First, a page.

"It's Never Too Late to Do the Right Thing" Applied
You may know that I'm a firm believer in the gardening philosophy, "It's never too late to do the right thing!" And that can answer many recent listener questions about fertilizers, herbicides, fungicides, insecticides, mulching and compost.
Of course it's not an "absolute" statement, because you can be so late that don't get the ultimate benefit of, for example, a pre-emergent herbicide or fertilizer. But, that shouldn't stop you from doing the right thing and putting an application down anyway.
Let me break down, by categories, why it's NEVER TOO LATE TO DO THE RIGHT THING (NTLTDTRT), even in mid-May.
Fertilizer: I've been a bit surprised by the number of recent calls and emails like this one: "Randy, I'm following your schedule for the first time, but I didn't do anything in April as it recommends. So is it too late to do the April application?" Employing the NTLTDTRT philosophy, it's not too late. Some might say it's a bit too early for the summer fertilization, but even if you applied something like Nitro-Phos Super Turf 19-4-10 today, you could still do the late-June/early-July application without fear, because you only need 45-60 days between.
Herbicides: In my book, "Gulf Coast Gardening with Randy Lemmon," I'm pretty sure I used pre-emergent herbicides as a perfect case for employing NTLTDTRT. The schedule marks May as the time to apply pre-emergent herbicides, but many questions I'm receiving lately are about post-emergent herbicides for things like broadleaf weeds. While it is too late to apply cool-season herbicides like Weed Beater Ultra, it's perfect weather for Weed Beater for Southern Lawns.
Fungicides: This may well be the definitive category for NTLTDTRT. Let's say you have a problem with fungal diseases on plants. You obviously want to use a fungicide today. But some people still question whether it's too late to apply what might be termed a "preventative" fungicide. Let's use powdery mildew on crapes as an example. If you've got an issue with it, you can apply any number of fungicides. I'm partial to Consan. But if you just want to prevent it, consider a systemic fungicide, a copper fungicide, or even a weekly application of Consan.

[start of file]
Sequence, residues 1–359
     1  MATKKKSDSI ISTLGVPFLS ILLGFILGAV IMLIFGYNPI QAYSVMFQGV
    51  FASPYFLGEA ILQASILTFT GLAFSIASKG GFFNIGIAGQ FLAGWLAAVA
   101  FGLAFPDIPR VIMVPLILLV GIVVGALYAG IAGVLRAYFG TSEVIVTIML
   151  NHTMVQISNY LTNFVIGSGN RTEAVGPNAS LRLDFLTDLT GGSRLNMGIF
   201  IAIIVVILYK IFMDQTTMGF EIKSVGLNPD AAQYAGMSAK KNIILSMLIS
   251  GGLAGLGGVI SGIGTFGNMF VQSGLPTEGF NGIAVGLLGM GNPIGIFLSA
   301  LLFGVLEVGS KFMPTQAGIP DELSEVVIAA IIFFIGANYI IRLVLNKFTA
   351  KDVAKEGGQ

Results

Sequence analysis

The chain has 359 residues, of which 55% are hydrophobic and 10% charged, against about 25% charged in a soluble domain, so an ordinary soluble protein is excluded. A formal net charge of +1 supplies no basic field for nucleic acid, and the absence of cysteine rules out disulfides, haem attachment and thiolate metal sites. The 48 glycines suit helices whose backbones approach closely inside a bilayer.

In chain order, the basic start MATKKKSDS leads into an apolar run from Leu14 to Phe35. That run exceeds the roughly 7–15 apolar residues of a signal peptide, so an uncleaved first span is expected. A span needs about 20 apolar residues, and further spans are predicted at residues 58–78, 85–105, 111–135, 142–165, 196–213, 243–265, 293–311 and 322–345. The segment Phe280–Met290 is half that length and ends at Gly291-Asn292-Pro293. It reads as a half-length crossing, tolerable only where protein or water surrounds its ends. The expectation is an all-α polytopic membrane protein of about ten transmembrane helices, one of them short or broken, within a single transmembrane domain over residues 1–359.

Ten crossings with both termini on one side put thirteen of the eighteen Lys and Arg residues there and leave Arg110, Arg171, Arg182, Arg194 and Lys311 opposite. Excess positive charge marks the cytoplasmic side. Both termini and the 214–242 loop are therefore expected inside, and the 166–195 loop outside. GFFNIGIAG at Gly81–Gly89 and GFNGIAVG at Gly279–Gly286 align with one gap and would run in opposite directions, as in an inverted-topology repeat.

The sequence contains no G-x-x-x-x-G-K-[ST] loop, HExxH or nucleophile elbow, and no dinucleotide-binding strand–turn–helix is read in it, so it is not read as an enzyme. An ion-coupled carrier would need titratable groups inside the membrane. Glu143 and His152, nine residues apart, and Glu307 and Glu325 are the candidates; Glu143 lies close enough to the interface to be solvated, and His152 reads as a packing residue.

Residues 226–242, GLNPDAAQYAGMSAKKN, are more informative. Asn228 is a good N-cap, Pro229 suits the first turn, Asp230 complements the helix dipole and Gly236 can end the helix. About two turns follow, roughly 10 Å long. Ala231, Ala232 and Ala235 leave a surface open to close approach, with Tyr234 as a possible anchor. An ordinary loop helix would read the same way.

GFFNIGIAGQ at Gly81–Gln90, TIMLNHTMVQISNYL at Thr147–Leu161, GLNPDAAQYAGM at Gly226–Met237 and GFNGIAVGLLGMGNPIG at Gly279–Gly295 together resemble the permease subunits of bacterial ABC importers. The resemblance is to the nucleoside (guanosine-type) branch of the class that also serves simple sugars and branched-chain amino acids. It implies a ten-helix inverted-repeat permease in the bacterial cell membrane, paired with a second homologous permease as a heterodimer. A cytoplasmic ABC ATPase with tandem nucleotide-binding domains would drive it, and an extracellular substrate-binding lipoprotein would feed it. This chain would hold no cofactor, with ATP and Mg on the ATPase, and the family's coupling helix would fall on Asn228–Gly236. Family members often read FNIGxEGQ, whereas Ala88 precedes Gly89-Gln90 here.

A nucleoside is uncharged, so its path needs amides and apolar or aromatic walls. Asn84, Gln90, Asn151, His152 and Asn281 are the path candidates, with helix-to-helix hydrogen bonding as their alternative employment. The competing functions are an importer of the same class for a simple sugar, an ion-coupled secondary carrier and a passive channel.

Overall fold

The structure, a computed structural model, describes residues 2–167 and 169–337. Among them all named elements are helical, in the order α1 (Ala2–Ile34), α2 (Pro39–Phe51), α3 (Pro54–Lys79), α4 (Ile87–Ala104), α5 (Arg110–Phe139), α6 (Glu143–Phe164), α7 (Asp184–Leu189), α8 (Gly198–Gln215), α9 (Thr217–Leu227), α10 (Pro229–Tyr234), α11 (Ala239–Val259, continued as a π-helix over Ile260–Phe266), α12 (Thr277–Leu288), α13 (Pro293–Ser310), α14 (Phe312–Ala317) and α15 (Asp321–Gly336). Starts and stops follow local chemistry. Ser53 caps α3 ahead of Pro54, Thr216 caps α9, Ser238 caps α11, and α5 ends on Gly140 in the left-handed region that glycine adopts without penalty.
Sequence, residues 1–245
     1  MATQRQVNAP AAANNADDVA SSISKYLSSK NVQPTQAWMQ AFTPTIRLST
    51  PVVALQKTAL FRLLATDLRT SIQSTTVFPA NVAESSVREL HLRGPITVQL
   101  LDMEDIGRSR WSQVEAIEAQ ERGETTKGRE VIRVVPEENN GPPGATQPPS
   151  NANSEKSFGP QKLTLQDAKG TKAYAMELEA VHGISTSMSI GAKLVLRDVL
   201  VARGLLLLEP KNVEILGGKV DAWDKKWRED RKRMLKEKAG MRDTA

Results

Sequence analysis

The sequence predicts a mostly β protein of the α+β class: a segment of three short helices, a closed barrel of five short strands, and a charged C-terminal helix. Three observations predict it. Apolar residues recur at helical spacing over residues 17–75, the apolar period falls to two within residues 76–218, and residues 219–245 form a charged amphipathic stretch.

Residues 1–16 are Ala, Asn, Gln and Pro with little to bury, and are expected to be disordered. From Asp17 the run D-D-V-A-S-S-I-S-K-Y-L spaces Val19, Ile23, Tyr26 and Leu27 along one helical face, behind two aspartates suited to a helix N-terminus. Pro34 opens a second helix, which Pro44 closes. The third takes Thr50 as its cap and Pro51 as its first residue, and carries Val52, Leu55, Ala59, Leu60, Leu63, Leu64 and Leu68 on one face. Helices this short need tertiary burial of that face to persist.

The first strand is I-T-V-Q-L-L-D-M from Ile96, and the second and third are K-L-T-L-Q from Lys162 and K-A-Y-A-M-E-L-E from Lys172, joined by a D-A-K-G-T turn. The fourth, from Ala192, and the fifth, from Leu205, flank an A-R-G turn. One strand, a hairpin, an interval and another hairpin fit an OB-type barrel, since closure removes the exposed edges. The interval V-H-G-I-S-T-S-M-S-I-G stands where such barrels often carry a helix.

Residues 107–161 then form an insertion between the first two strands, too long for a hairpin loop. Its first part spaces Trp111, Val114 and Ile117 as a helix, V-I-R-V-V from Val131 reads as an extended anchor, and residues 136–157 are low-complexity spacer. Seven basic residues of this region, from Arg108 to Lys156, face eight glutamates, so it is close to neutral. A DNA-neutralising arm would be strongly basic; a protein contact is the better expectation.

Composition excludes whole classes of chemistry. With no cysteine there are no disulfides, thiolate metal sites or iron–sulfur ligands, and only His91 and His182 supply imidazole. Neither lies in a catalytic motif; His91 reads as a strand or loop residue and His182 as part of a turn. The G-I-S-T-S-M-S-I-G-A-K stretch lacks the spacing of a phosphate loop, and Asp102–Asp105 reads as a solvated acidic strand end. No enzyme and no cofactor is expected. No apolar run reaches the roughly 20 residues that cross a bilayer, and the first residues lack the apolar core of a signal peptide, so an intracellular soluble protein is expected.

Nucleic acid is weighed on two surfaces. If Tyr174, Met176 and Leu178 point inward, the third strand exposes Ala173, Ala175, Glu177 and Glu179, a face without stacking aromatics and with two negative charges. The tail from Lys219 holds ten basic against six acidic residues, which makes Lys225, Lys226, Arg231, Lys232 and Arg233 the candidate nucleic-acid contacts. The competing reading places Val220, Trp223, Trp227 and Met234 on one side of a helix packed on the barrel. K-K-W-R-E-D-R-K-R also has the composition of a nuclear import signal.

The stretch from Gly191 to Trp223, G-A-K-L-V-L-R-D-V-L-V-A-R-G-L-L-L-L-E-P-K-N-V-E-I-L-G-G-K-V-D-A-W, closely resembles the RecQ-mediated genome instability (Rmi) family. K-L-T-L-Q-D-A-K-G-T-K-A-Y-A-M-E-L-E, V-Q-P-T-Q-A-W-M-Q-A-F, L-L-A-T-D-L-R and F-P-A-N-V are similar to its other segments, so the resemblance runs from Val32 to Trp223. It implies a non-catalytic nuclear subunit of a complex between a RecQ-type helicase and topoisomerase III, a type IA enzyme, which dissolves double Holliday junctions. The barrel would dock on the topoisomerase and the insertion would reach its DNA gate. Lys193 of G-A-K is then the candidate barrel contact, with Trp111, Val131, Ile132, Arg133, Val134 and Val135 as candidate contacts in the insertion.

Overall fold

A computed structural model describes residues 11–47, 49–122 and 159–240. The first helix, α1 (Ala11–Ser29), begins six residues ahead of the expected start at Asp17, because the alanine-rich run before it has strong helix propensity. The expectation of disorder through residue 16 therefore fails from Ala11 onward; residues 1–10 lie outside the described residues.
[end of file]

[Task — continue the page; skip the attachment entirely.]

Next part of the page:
Insecticides: Although I'm usually against using insecticides unless you actually have an insect problem, this year could have an asterisk by it because last winter was so mild. I think insect populations are about to experience a population explosion. So, considering NTLTDTRT, is it too late to put out a preventative? No! Thankfully, recent rains have kept some insect populations at bay. But if you're convinced you're going to get chinch bugs this year, apply a preventative like bifenthrin granules every 60-90 days. If your lantanas or azaleas are prone to lacebugs, feed them a systemic food and be prepared. However, if you're like me and believe that healthy plants are their own best defense against insects, just ignore NTLTDTRT here.
Mulches: You may know that I believe most people never have enough mulch to do the job (hence the chapter "You Can Never Have Enough Mulch" in my older book.) I'm saddened that some people only add mulch once a year, if that. So ... NTLTDTRT. Or, it's never a wrong time to add new mulch to flower beds, landscapes, vegetable beds and even around trees.
Compost (for top-dressing lawns): This category may be the ultimate use of NTLTDTRT! Because unless it's freezing or over 100 degrees, quality compost as a lawn top-dressing can be applied almost any time of year. Years ago, when top-dressing a lawn was done with sand or loam, May was the perfect month. But today, with compost, anytime is fine.
Ace Hardware City, 14455 Memorial Drive
Bring me some weeds to identify, and I'll tell you what to kill them with. I can show you products like Weed Beater for Southern Lawns. I can also show you a perfect surfactant to go with that. And if you've got fertilizer issues, I can help you discover what a bag of Nitro-Phos Super Turf or Nitro-Phos Sweet Green looks like.
In fact, we'll be giving away free bags of Sweet Green and other goodies. To qualify, hit me with a question, prove your Lemmonhead status, or just show us some love.
We can cover the fungicides and insecticides noted above, too, and after talking with me you'll be confident about getting the right product from Ace.
By the way, the owners of this Ace store are major dog lovers, and they'll be working with a local shelter to offer dog adoptions this Saturday. So, come by to get your garden questions answered and maybe bring home a new pet!
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